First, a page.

Use of firecrackers becomes widespread as the Easter season draws closer. Police have also had to deal with a series of hoax bomb threats against schools over the past week. On Wednesday, a 16-year old student was caught in the act of making a bomb threat call from a phone booth. His success in disrupting classes triggered a string of copycat hoaxes in Limassol on Thursday, when police received at least three bomb threat calls.

    During yesterday's meeting at the Ministry of Education, representatives of parents associations asked for the implementation of greater security measures on school premises.

    Persons found to have caused material damage through the use of explosive materials are liable, on conviction, to up to 14 years imprisonment, although such harsh sentences are rarely passed.

    Copyright Cyprus Mail 2001

    [09] AKEL fury at being described as Stalinist

    By Jean Christou

    POLITICAL parties flew into a rage yesterday over a document circulated at a conference of European right-wing parties in Nicosia, and blamed ruling DISY for the insulting comments directed against them.

    The document, a profile on Cyprus, which was circulated at the two-day session of the European People's Party - European Democrats (EPP-ED) Group Bureau, directed several unflattering comments at island's other political parties and at the Church.

    Left-wing AKEL was portrayed as a "typical Stalinist communist party that resisted the lure of Euro communism until 1988", while socialist KIKOS was described as a "fringe of intellectual radicals whose positions are quite extreme and often contradictory."

    Right-wing non-parliamentary party New Horizon was described as extremist and the Church portrayed as wealthy with "well paid and quite enterprising" clergy.

    But ruling right-wing DISY, which is an associate member of the EPP, and centre-right DIKO escaped the criticism. DISY is said to stand for a market economy and represented the "middle and entrepreneurial classes".

    AKEL held a news conference yesterday to slam DISY over the document.

    Party spokesman Nicos Katsourides said the information was "inaccurate, insulting and demeaning" and said the information could only have been passed on to the EPP by DISY.

    "The largest responsibility belongs to the leadership of DISY, which it seems does not only pass on information on the Cyprus problem and Cyprus' EU accession but also seems to be giving others kinds of information to foreigners," Katsourides said. "If the left-wing European parties issued a document that made unacceptable remarks about DISY, the blame wouldn't go anywhere else except to AKEL."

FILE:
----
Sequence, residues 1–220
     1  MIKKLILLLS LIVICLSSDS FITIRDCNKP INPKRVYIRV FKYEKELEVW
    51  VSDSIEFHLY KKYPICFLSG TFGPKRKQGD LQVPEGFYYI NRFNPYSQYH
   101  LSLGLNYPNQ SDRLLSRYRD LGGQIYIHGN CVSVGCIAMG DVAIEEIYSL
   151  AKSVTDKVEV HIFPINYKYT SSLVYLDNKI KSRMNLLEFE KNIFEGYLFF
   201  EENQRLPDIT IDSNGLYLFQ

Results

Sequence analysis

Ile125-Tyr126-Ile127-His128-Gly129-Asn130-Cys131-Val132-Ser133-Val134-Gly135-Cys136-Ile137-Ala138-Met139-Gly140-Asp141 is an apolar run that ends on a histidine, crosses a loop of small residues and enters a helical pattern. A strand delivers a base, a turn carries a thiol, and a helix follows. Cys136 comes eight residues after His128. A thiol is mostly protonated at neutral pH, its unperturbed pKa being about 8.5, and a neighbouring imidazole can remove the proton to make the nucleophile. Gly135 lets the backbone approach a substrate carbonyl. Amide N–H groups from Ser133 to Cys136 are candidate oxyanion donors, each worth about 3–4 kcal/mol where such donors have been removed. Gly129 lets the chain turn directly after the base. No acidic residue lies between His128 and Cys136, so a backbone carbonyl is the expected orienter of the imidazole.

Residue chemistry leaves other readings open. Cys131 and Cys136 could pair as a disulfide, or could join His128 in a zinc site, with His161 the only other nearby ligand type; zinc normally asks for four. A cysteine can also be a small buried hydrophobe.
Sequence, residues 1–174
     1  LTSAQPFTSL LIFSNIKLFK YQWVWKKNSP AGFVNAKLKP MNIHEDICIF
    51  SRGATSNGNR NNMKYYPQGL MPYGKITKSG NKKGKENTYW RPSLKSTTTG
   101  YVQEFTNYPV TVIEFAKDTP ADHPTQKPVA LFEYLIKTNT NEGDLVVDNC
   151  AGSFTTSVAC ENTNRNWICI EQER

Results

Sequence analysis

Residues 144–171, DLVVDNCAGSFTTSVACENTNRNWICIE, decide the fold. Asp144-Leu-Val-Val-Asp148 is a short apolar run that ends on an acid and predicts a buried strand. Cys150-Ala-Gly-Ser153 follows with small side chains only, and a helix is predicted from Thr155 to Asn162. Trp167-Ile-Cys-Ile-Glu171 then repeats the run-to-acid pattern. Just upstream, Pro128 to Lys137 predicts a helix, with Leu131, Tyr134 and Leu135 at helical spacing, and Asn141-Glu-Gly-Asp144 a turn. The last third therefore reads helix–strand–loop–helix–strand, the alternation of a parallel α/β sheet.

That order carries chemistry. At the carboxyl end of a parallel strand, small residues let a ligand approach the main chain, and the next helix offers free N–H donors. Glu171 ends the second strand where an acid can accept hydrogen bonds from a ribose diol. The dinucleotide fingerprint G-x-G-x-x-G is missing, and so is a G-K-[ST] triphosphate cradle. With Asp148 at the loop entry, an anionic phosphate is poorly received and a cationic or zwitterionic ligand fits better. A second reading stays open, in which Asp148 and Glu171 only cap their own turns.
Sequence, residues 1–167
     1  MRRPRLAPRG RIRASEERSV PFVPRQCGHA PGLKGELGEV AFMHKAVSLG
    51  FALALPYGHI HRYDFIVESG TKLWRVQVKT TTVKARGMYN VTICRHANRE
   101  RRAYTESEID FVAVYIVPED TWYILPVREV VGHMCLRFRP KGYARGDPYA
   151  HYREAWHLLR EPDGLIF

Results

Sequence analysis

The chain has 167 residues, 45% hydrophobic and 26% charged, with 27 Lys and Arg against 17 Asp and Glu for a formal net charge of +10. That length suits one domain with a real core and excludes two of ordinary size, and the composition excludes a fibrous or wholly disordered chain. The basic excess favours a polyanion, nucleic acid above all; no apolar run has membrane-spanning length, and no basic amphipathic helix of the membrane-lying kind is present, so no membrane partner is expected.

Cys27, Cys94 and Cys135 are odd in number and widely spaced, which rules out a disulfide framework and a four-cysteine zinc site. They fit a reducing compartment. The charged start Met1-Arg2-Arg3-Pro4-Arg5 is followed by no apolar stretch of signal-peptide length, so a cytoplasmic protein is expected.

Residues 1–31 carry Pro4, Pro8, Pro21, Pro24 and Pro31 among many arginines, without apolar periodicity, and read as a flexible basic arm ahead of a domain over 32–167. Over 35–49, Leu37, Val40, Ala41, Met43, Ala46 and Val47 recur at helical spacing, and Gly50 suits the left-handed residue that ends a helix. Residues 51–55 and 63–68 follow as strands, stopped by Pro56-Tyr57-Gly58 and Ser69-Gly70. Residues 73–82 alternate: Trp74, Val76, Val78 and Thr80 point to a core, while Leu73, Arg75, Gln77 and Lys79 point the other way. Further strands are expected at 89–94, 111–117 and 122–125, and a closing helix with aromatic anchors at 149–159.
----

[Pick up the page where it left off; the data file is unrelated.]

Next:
KISOS and New Horizons also issued statements calling the content of the document insulting, but DISY spokesman Tassos Mitsopoulos said he did not know what all the fuss was about.

    "First of all it's not a document," he said adding that it should be classed as a non-paper. "Beyond this, if we all want to enter into a state of collective masochism and underline the importance of a non-paper then I'm very sad because we have lost track of what's important," he said.

    "Of course the easiest solution within the small party approach is to blame everything on DISY. I didn't expect anything else."

    Mitsopoulos said the author of the 'non-paper' was a younger member of the EPP who had gleaned his information from the Internet, and that perhaps Cypriots should sometimes try to see themselves as others saw them.

    "It is not realistically possible for foreigners to have the same opinion of us as we have of ourselves," he said. "These reports are prepared wherever they have a conference. There is no political importance attached to it."

    Speaking after a meeting with President Glafcos Clerides yesterday EPP-ED Chairman Hans-Gert Pottering said the document was just a paper used for information. Asked by reporters where they information came from, he said it was from DISY officials. "It was just some information and not a document," he said adding that many such papers were issued within the EU.

    Copyright Cyprus Mail 2001